Everyone here does remember that Ada Lovelace, the daughter of the poet Lord Byron, invented computer programing? Her good buddy Charles Babbage invented the Difference Engine, but couldn’t get it to do much more than the obvious add, subtract, multiply, and divide. When Ada invented the computer algorithm, she merged the algebraic mathematical procedures structure (to achieve a result, you have a sequence of steps to preform with a specific order, each of which does a small segment of the complete task, and holds the results for final assembly) with Babbage’s mechanical analytical engine.
She also created the concept of the non-volatile storage medium in which you could save your programs or results for reuse later, which from the day she invented it in the 1830s until a better method was devised in the 1970s meant punch cards. Just like the Algorithm, it wasn’t a new idea; punch cards had been used to control mechanical processes for several hundred years at that point, specifically looms. In fact, the first punch cards were only used to channel the thread you wanted to the spindle you wanted it to be processed by, using a notch on the edge of the card to guide it to its destination.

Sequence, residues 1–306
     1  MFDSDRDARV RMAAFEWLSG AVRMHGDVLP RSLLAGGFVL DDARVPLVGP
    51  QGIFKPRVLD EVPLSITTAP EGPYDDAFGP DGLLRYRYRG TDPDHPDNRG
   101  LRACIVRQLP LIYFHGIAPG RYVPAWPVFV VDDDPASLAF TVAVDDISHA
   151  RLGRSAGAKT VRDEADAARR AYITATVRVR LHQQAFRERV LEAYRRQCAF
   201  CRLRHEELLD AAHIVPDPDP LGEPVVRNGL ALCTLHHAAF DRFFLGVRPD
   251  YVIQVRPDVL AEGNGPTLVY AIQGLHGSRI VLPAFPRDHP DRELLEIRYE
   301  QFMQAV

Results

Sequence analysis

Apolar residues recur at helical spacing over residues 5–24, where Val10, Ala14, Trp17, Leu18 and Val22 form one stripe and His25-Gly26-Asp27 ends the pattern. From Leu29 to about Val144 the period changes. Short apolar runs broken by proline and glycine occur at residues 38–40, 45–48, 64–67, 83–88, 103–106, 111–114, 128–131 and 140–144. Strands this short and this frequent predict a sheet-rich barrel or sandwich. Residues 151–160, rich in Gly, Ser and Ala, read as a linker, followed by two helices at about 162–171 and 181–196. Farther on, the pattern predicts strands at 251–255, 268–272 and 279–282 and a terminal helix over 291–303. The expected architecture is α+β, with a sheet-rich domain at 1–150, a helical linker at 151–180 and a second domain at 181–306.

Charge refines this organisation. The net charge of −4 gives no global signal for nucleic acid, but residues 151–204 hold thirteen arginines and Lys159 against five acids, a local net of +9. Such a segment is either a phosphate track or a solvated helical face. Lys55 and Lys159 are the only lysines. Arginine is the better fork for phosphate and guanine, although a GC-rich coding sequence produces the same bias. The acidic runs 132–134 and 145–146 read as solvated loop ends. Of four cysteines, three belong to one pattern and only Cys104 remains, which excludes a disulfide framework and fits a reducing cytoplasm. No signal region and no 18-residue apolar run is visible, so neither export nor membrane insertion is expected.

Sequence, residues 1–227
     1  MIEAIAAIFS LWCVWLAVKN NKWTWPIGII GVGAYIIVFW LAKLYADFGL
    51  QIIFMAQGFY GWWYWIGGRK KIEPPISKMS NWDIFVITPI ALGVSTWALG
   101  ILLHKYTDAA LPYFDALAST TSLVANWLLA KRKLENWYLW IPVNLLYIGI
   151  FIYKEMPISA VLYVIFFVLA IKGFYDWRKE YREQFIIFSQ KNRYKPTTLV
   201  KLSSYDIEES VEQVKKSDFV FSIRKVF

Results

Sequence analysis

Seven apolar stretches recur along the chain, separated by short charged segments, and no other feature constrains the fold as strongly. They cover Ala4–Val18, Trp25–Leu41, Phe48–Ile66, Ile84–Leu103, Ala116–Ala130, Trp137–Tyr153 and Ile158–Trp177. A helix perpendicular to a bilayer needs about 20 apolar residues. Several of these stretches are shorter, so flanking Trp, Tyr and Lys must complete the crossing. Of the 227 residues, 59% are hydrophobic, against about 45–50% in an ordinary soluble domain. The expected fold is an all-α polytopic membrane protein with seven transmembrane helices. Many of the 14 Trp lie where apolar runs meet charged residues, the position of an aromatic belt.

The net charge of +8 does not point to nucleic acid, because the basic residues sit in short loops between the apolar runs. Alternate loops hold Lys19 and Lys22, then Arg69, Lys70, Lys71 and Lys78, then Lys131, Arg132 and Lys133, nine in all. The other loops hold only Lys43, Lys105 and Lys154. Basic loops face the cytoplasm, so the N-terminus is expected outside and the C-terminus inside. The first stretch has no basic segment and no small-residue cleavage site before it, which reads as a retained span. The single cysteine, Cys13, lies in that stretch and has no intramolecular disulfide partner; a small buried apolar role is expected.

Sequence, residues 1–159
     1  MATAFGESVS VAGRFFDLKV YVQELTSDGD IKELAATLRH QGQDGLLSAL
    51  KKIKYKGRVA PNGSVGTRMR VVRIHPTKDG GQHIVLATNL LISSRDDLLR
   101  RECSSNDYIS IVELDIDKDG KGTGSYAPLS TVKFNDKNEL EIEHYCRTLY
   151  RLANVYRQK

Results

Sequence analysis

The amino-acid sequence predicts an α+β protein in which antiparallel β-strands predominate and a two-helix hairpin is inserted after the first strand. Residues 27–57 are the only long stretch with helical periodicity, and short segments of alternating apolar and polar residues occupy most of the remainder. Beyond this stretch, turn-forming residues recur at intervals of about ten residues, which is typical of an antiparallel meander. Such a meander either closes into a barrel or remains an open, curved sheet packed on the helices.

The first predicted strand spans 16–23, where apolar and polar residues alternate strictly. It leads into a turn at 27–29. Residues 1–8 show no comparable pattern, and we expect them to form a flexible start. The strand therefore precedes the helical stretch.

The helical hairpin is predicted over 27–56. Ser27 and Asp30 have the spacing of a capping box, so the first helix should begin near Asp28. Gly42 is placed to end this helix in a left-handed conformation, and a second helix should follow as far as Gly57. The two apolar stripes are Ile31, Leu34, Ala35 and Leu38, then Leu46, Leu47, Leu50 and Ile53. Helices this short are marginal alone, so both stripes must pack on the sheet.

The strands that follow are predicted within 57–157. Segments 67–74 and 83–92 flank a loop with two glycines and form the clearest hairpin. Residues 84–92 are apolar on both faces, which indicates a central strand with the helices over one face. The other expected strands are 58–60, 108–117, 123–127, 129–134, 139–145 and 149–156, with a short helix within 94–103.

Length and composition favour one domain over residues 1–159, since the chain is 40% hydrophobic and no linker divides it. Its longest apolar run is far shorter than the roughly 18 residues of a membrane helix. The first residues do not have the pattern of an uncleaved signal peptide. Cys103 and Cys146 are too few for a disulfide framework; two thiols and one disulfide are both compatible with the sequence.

But like all technologies, it evolved; and by the 1880s census the punch cards as modified by Ada were being used to tabulate how many of who lived where more efficiently than ever. That cut the governments processing time down to a fraction of what it had been, and ushered in the first real taste of what would later be described as Big Brother when Huxley got around to writing. It also encouraged the government of the time to dump a lot of money into the whole mechanical tabulating industry, since they saw a reduction in their costs for statistical gathering and processing of census data in the regions where such tools were available. While not exactly the first worm that fed on its own tail, the cycle of calculation improvements (from both hardware and software improvements), generating better results faster than before, and resulting in additional funding to improve the hardware and software, was one of my favorite early examples of a positive feedback loop.